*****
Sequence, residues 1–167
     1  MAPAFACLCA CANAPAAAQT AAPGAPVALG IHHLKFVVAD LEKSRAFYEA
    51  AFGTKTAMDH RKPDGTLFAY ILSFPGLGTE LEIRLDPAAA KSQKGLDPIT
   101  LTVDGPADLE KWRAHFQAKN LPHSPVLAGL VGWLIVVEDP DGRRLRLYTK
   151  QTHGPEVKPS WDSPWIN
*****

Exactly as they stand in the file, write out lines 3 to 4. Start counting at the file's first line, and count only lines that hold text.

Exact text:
    51  AFGTKTAMDH RKPDGTLFAY ILSFPGLGTE LEIRLDPAAA KSQKGLDPIT
   101  LTVDGPADLE KWRAHFQAKN LPHSPVLAGL VGWLIVVEDP DGRRLRLYTK